Published: Mon, September 24, 2018
Sci-tech | By Patricia Wade

They Made It! Japan's Two Hopping Rovers Successfully Land on Asteroid Ryugu

They Made It! Japan's Two Hopping Rovers Successfully Land on Asteroid Ryugu

Japan's space probe on Friday released a pair of exploring rovers toward an egg-shaped asteroid to collect mineral samples that may shed light on the origin of the solar system.

Analysis of this information confirmed that at least one of the rovers is moving on the asteroid surface. In fact, one of the initial images sent home by the hoppers is awfully blurry, since the robot snapped it while still on the go.

In order to complete the deployment, the main spacecraft of the Hayabusa2 mission lowered itself carefully down toward the surface until it was just 120 feet (55 meters) up.

The two rovers dropped slowly to the surface of the asteroid at a speed of several centimeters per second.

The round, cookie tin-shaped robots successfully reached the Ryugu asteroid a day after they were released from the Hayabusa2 probe, the agency said. The asteroid appears at lower right.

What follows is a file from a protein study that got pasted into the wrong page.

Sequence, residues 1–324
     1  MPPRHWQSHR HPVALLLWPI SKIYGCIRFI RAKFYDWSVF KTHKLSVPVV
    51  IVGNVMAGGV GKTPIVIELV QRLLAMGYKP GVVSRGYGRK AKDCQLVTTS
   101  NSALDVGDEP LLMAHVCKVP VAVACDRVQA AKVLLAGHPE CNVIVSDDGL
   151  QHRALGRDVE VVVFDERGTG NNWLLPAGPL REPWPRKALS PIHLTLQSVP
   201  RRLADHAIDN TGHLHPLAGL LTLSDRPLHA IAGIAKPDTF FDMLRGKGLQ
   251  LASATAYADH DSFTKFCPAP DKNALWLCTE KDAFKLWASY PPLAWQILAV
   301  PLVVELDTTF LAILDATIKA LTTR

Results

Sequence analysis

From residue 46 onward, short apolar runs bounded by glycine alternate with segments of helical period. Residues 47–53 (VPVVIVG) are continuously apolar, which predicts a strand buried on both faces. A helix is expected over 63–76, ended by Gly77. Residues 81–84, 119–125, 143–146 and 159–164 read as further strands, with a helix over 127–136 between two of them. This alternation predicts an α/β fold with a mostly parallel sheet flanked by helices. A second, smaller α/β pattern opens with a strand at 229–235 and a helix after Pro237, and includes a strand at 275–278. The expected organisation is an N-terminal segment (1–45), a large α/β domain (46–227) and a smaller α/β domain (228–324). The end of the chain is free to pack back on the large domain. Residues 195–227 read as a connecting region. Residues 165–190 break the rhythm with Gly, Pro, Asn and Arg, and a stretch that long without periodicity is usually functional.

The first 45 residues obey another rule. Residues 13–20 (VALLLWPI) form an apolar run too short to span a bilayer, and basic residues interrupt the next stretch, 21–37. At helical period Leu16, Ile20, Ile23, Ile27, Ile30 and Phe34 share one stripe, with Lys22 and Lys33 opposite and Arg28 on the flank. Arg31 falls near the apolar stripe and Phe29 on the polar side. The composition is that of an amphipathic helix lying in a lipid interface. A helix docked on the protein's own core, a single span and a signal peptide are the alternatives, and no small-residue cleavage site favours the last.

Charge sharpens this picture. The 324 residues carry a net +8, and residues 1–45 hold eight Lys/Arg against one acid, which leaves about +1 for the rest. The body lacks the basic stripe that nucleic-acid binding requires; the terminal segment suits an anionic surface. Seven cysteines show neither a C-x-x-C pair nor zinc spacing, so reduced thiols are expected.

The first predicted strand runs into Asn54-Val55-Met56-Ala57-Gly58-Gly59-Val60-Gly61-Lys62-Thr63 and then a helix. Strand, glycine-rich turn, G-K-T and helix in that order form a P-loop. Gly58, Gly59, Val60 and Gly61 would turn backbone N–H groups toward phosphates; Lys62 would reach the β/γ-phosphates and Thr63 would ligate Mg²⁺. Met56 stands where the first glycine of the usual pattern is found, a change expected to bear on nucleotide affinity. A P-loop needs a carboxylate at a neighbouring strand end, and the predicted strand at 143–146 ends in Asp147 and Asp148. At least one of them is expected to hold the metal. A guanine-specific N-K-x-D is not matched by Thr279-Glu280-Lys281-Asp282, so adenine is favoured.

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Hayabusa2 will next month deploy an "impactor" that will explode above the asteroid, shooting a two-kilo (four-pound) copper object to blast a small crater into the surface.

The probe will also release a French-German landing vehicle named the mobile asteroid surface scout (MASCOT) for surface observation.

'The two rovers are in good condition and are transmitting images and data, ' a statement said. "I want to see images of space as seen from the surface of the asteroid", he said.

"I was so moved to see these small rovers successfully explore an asteroid surface because we could not achieve this at the time of Hayabusa, 13 years ago".

The Hayabusa2, about the size of a large refridgerator and equipped with solar panels, is the successor to JAXA's first asteroid explorer, the Hayabusa - Japanese for falcon. It arrived at Ryugu on June 27, 2018 and is scheduled to depart from the asteroid in December 2019 in order to return to our planet in December 2020.

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